Performance artist/comedian/writer Kristina Wong will world premiere her FROM NUMBER TO NAME for East West Players (in partnership with API Rise Saturday), April 10 and Sunday, April 11, 2021. This funny lady strikes a more serious tone in telling the true-life accounts of formerly incarcerated Asian Pacific Islanders and their affected families. The very busy Kristina found some time to answer a few of my queries after a virtual performance of another new show Kristina Wong, SWEATSHOP OVERLORD.
Thank you for taking the time for this interview, Kristina! Would you describe FROM NUMBER TO NAME in a three-line pitch?
FROM NUMBER TO NAME is a devised theater piece created with formerly incarcerated Asian Pacific Islander Americans. The cast is formerly incarcerated APIs, folks with family on the inside and their supporters. It’s storytelling we rarely see in our community, from the people who have experienced it.
Will your two-night premiere be presented as a live stream or video?
This will be a live stream! All the performers are on the other side of the screen performing for you. That’s what makes it theater!
Was all your pre-production safely done via Zoom?
Yes. I’ve not met most of the cast members in person. We are all working via Zoom meeting.
Is FROM NUMBER TO NAME more of a documentary with actual Asian-Americans formerly incarcerated or impacted by incarceration, rather than actors portraying them?
I would say it has a lot of elements of “documentary theater” in that the stories we are sharing weren’t written by a playwright, but are lived experiences shared in our rehearsal process. There are still theatrics and more direction, more curated writing than people just talking into Zoom.
What was your ‘casting’ process?
The joke in rehearsals is that it was a “really tough audition, you had to fill out that long Google form, and then remember to show up to the workshops.” There were no auditions for this project. Most of my community-based projects are for specific communities whose lived experiences are all the only “audition” needed to participate. We do have cast members with no lived experience of incarceration. Everyone who came to the project is supposed to be here. Our lives to this point have informed us of everything we need to create this work.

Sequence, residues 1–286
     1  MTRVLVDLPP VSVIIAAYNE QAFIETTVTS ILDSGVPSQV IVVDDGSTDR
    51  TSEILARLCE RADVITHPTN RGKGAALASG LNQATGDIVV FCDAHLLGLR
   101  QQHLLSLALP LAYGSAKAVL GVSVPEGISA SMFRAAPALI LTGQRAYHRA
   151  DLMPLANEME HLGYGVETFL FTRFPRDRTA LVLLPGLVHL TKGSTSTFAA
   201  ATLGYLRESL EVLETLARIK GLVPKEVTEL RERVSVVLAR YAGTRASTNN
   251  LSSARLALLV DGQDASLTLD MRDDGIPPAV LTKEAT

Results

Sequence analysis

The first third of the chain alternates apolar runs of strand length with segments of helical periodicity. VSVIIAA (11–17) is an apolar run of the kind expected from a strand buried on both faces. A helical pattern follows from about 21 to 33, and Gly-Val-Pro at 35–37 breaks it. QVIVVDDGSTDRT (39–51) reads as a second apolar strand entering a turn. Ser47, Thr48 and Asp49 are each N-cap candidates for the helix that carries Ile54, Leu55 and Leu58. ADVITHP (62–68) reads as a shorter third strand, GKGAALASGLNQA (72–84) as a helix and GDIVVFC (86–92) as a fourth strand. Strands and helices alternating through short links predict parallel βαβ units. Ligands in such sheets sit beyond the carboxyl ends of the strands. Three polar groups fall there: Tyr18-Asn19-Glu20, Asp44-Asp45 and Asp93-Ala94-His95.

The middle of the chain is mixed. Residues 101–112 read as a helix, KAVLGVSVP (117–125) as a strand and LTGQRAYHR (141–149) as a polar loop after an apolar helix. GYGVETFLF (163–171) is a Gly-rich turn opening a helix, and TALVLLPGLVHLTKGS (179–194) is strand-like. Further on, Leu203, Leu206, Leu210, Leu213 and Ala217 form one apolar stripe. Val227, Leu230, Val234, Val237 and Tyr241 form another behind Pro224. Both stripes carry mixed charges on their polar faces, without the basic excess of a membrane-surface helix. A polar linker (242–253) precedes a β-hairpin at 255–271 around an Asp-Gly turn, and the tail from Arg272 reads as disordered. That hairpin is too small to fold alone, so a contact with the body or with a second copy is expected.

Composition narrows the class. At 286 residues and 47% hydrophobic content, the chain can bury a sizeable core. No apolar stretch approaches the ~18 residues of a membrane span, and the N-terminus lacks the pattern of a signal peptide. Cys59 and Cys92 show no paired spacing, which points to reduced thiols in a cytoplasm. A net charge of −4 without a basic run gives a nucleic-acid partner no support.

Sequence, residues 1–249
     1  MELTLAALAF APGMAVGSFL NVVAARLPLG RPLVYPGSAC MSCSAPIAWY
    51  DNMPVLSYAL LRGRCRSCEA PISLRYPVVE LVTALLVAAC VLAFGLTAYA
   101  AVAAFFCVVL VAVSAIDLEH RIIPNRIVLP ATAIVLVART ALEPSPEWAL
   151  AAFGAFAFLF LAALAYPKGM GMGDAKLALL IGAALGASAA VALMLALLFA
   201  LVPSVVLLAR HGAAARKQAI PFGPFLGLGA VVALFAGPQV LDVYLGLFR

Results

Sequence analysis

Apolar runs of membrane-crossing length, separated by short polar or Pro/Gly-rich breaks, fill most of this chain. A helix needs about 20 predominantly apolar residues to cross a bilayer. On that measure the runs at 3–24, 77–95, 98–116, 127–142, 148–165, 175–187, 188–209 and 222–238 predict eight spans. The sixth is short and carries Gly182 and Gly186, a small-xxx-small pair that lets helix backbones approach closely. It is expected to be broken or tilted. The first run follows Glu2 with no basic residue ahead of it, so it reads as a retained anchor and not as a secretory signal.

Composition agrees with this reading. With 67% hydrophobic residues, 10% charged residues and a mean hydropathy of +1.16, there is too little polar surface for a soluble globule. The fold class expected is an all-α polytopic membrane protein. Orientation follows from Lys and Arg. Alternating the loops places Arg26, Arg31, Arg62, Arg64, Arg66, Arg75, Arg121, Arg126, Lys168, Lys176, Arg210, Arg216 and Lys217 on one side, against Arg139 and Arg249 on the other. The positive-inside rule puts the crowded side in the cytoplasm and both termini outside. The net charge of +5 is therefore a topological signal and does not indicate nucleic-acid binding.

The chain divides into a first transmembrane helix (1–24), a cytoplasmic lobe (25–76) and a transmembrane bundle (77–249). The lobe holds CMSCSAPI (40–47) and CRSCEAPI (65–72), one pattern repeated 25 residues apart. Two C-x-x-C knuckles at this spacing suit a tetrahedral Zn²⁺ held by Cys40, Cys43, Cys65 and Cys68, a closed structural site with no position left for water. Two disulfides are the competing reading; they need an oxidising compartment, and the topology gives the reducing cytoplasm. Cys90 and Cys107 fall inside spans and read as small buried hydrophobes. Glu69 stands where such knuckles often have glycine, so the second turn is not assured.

Will FROM NUMBER TO NAME be a satirical take on the prison system, just as your satirical take on the political system in Kristina Wong FOR PUBLIC OFFICE? Or are you taking a more serious documentary route?
This show is very different than my solo theater work about my life which tends to use a great deal of humor and satire. That’s not to say this show is totally humorless. But I really see myself as the midwife, and that the participants have stories just waiting to be birthed. Our first few rehearsals have been a lot of guided conversations about how we remember the benchmarks in our lives, how we carry guilt and shame, and the long term effects of incarceration on Asian American communities.
What cosmic forces first brought you together with East West Players and API Rise?
My neighbor invited me to a political fundraiser for Annie Cho who was running for City Council. There I met Paul Jung who was telling me about the group he founded API RISE as a support group for formerly incarcerated folks. Paul started the group with others because his brother Ben was getting out. I was telling him about how I performed and did a workshop at San Quentin Prison for the ROOTS (Restoring Our Original True Selves) group a few years , and it was one of the most human and profound experiences of my life to have all these stereotypes of what prison is, and then meet these Asian American men serving time inside. I started going to API Rise meetings, and loved how our family (in a good way) it felt. In the “Before times,” there is potluck dinner, and usually a casual conversation we share with each other. Then there is a “Welcome Home” cake for whoever has just gotten out and is coming to the meeting for the first time. I adore the folks in the group. It’s a rare setting where I’m with a bunch of other Asians and don’t feel this weird insecure competitive feeling. I was also very drawn to everyone’s work and stories and thinking on ways I could support everyone as a performer. It just made sense to create a performance workshop for this community.
Originally, the plan was to use the City of L.A. Department of Cultural Affairs grant to teach a workshop with a culminating show in person for this community. But now the workshop has to be online because of the pandemic and was cut to six weeks. East West Players happened to be looking for productions for their virtual season, and Snehal was particularly interesting in highlighting this community. So here we were… a workshop that became an offering on the EWP season!
Were you an audience member or a creative in your first experience with East West?
I first came to East West as an audience member in college when I was a student at UCLA. I also ushered shows to watch them for free. I took a few of the workshops. It wasn’t until Snehal became Producing Artistic Director, that I got invited to participate as a performer on the stage!